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Impaired oxidative metabolism and lipid peroxidation in exercising muscle from ALS patients.

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Department of Neuroscience, University of Pisa, Pisa, Italy.



Although the pathogenic mechanisms of selective loss of motor neurons in amyotrophic lateral sclerosis (ALS) are unknown, there is increasing evidence for the hypothesis of an oxidative stress-related mitochondrial involvement as key determinant of motor neuron degeneration


The aim of our study has been to assess blood levels of peroxidation markers and to relate them to in-vivo oxidative metabolism in exercising muscle in patients affected by ALS.


For this purpose 10 patients (seven men and three women, mean age 58.5 +/- 8.2 SD), performed an incremental bicycling test for the assessment of lipoperoxides and lactate during exercise.


At rest, the ALS patients had higher than normal levels of both lactate (2.82 +/- 0.76 mmol/L; normal range: 0.67-2.47 mmol/L) and lipoperoxides (361.7 +/- 40.2 AU; normal range: 250-320 AU), the latter corresponding to a level of moderate oxidative stress. A further increment during exercise was observed both at lactate threshold and maximal power output levels. Values of blood lipoperoxides were significantly higher (P < 0.05) than those in control patients affected by chronic motor denervating processes of different origins and related (P < 0.01) to lactate production on exercising.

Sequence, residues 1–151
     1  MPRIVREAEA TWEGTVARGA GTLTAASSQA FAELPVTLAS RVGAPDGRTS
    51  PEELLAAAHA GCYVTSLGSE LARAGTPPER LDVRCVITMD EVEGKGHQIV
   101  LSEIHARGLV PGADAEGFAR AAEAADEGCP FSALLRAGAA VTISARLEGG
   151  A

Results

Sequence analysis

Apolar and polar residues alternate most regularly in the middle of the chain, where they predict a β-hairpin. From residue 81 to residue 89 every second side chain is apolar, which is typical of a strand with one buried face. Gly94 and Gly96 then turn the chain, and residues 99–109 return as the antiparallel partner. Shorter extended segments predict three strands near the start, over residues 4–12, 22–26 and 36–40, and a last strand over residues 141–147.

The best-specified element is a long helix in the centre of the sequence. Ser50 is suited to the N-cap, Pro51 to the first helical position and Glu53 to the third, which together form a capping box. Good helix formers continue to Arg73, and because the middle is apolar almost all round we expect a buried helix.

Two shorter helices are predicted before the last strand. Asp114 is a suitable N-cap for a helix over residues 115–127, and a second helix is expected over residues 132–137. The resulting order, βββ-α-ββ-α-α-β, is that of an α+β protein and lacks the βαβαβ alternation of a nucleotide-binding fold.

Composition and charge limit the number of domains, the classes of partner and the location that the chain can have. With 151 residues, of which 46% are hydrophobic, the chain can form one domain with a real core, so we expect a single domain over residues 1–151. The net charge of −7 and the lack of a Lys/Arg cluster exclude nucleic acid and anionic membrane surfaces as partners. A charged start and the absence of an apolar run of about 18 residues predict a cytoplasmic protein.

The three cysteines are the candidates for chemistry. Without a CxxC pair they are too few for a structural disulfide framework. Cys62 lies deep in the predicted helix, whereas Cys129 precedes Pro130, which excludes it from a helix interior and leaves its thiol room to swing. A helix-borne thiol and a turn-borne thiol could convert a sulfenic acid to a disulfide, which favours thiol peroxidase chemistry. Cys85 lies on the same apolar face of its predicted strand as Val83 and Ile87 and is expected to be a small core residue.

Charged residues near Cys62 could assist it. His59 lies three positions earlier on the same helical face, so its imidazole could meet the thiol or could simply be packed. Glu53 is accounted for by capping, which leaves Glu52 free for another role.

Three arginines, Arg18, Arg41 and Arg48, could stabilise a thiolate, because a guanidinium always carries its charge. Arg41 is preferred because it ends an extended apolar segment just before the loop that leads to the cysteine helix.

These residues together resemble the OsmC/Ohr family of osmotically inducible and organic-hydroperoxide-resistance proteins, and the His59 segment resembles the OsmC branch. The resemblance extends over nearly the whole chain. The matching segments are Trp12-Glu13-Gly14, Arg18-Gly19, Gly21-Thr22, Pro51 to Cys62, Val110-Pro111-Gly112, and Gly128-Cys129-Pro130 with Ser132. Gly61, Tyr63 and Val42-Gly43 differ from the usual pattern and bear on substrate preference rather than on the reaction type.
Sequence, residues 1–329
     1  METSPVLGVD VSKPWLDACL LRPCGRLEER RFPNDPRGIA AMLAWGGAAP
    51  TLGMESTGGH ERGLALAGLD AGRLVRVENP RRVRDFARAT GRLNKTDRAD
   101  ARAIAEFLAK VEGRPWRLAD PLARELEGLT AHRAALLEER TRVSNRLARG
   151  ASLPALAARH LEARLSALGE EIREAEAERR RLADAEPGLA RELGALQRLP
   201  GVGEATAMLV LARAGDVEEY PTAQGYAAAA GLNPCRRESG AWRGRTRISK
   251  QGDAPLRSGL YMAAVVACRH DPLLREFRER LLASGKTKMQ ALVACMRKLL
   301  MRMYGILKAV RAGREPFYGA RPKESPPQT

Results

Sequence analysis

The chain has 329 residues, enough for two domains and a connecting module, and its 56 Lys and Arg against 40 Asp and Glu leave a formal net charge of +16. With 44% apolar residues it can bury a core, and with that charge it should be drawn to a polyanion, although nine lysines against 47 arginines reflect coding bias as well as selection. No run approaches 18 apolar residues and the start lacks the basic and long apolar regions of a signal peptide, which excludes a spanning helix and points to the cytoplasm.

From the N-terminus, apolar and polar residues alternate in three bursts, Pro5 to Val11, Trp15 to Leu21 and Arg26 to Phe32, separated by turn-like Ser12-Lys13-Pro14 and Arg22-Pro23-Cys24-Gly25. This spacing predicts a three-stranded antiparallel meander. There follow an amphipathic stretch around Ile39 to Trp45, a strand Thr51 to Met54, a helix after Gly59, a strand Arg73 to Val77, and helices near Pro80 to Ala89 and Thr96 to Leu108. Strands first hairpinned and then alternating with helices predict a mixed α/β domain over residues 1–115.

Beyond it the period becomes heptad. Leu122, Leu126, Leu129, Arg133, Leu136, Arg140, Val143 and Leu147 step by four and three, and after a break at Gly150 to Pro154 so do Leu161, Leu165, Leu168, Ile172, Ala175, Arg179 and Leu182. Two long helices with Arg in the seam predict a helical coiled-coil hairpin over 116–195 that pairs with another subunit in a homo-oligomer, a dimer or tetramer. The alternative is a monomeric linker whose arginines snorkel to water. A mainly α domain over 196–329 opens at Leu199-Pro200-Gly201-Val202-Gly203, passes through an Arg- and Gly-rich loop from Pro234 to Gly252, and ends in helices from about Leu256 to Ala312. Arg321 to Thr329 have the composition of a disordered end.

These findings indicate the occurrence of an abnormally increased size of blood free radical pool in resting conditions and during exercise in ALS patients. The relationship between the levels of reactive oxygen species and lactate production is indicative of a tight link between mitochondrial function and oxidative stress in ALS.

[Indexed for MEDLINE]

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